Fr Sean McDonagh
A report published by the Irish Central Statistics Office (CSO) in August 2018 stated that Ireland was way off track in reaching its carbon reduction targets. In fact, the country had the third highest per capita greenhouse emissions rates within the EU in 2015. In terms of sectors that produce greenhouse gas emissions, agriculture was the worst offender, accounting for 32 per cent of the total in 2016, followed by transport and energy at 20 per cent.
This is why An Taisce, the largest environmental organisation in Ireland, of which I am president, has challenged Ireland’s Draft National Energy And Climate Plan (NECP).It calls for urgent revision by the end of 2019 to ensure that the finalised Plan includes ambitious plans for substantial and sustained reductions in annual greenhouse gas emissions (GHGs). Crucially, the Draft NECP fails to deliver on either alternative energy systems or ways to reduced agriculture emissions. The CSO figures show that in 2016 Ireland had thefourth largest cattle herd in Europe. In terms of forestry,the CSO figures show that in 2015, 10.6 per cent of the country’s land area was covered by forestry, the second lowest rate in the EU.
The Draft NECP also shows no coherent climate action aligned with Ireland’s commitments under the 2015 Paris Agreement on Climate Change. The Draft Plan demonstrates that the Irish government has failed to grasp the overarching imperative of sharply and permanently cutting greenhouse gases (GHGs) from every part of our economy. This includes the built environment, transport, energy and agriculture.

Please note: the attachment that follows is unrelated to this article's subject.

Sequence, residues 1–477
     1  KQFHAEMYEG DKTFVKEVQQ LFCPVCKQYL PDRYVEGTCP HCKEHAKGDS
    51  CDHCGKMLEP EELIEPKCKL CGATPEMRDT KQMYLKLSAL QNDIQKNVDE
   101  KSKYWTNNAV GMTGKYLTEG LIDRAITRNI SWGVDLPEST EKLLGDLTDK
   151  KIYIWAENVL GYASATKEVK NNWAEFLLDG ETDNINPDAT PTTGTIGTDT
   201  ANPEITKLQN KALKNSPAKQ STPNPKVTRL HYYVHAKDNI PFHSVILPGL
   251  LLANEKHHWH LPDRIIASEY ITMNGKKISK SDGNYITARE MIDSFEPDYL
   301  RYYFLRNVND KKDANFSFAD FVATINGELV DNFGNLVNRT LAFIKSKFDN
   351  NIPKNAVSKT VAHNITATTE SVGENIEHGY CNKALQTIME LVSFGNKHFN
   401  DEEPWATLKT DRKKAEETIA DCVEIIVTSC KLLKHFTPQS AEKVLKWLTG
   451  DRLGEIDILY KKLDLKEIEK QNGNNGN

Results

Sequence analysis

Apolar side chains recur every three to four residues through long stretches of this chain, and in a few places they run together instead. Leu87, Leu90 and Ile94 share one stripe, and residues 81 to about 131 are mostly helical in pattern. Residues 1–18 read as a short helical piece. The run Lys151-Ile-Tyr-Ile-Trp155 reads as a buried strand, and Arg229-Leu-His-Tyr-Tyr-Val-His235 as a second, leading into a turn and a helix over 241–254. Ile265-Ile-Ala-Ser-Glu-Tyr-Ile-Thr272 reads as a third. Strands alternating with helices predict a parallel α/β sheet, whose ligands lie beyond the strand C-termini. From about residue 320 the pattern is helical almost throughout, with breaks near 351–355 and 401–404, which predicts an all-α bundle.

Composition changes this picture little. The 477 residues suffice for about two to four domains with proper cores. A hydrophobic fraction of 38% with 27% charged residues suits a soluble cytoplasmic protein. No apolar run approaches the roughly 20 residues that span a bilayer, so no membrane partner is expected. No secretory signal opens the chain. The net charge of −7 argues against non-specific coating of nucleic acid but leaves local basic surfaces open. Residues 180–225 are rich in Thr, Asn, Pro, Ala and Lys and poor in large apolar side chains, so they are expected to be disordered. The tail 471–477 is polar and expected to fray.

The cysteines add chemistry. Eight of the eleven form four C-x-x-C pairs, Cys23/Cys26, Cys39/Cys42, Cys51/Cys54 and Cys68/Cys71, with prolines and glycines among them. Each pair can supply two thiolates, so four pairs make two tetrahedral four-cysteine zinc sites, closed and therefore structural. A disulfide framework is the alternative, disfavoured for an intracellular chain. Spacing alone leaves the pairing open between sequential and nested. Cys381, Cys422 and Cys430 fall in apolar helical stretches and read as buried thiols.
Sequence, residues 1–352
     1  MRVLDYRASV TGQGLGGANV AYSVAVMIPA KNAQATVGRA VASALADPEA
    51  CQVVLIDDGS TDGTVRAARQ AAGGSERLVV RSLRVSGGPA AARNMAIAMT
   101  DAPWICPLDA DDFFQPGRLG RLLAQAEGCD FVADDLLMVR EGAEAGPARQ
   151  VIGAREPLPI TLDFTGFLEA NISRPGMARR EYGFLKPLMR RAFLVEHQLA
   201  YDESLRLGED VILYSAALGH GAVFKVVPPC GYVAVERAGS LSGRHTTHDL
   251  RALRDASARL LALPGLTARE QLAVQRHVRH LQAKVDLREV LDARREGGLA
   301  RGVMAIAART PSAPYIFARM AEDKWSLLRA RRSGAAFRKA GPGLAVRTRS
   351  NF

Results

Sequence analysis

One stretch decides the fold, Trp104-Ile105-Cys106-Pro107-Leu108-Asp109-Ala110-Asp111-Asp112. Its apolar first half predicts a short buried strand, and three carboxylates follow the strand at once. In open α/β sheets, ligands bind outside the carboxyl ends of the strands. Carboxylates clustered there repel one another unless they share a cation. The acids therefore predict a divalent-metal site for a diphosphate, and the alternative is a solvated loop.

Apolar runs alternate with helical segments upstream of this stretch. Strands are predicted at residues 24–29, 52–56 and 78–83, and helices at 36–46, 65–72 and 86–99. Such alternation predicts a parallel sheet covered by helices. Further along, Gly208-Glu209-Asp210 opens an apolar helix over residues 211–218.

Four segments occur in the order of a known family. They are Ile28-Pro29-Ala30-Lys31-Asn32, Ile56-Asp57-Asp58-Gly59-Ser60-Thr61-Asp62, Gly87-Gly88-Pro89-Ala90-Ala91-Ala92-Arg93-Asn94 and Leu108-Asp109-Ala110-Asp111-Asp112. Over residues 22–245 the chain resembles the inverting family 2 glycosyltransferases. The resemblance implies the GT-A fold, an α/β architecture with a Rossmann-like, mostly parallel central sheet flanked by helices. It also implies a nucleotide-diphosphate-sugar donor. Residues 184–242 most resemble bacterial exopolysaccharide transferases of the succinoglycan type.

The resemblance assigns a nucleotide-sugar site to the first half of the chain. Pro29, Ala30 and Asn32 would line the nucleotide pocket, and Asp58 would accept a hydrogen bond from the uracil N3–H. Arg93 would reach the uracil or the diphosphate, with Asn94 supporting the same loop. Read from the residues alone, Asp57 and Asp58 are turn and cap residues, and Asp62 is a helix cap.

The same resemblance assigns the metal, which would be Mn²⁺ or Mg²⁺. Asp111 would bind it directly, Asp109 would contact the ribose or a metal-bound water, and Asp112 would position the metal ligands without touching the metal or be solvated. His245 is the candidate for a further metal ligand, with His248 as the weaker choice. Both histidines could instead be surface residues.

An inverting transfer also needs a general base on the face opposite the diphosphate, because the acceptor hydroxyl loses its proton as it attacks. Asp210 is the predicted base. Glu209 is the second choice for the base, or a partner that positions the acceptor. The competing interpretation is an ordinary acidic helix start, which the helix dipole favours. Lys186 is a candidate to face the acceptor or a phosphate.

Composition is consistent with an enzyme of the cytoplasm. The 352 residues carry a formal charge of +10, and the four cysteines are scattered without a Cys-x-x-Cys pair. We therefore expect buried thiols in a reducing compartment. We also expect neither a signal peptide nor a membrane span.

All four Draft Scenarios presented in the NECP only show a ‘flat-lining’ of total annual fossil fuel CO₂ emissions between the years 2015-2040. This misses the point completely, as ‘flat-lining’ means continuing to pump ever more emissions into the atmosphere when we need instead to urgently cut these emissions, year by year, all the way to net zero by mid-century.
Furthermore, the Draft NECP fails to show scenarios coherent with Ireland’s existing climate policy, widely understood as a linear annual reduction in CO₂ to at least an 80% reduction in 2050 compared with 1990 levels.
Worse, the Draft NECP’s data projections show no reduction in annual GHG emissions from agriculture and land use until 2035. This means that there is effectively no serious attempt to reach carbon neutrality in the agriculture sector at any time in the future.
An Taisce points out that, while the Draft NECP points towards a move to lower carbon fossil energy usage in the grid, in reality, this is just a shift from coal and peat to gas, with little change in oil use. Rapid decarbonisation in line with our Paris Agreement commitment requires urgent reductions in emissions from all fossil fuel sources. Simply switching from one fossil fuel to another does not and cannot achieve this objective.
An Taisce regrets that the recommendations of the Citizens’ Assembly on Climate Change which was held in November 2017 have not been taken into account in the Draft NECP. An Taisce urges that the will of the Irish public, as clearly expressed through the Assembly, be reflected in the final document.
We are glad that the high school students who are protesting about the Irish government’s lack of vision on this vital issue will finally push the government to take real steps to lower Ireland’s greenhouse gas emissions. The students are also demanding the Irish government the Climate Assembly’s other recommendations on this topic.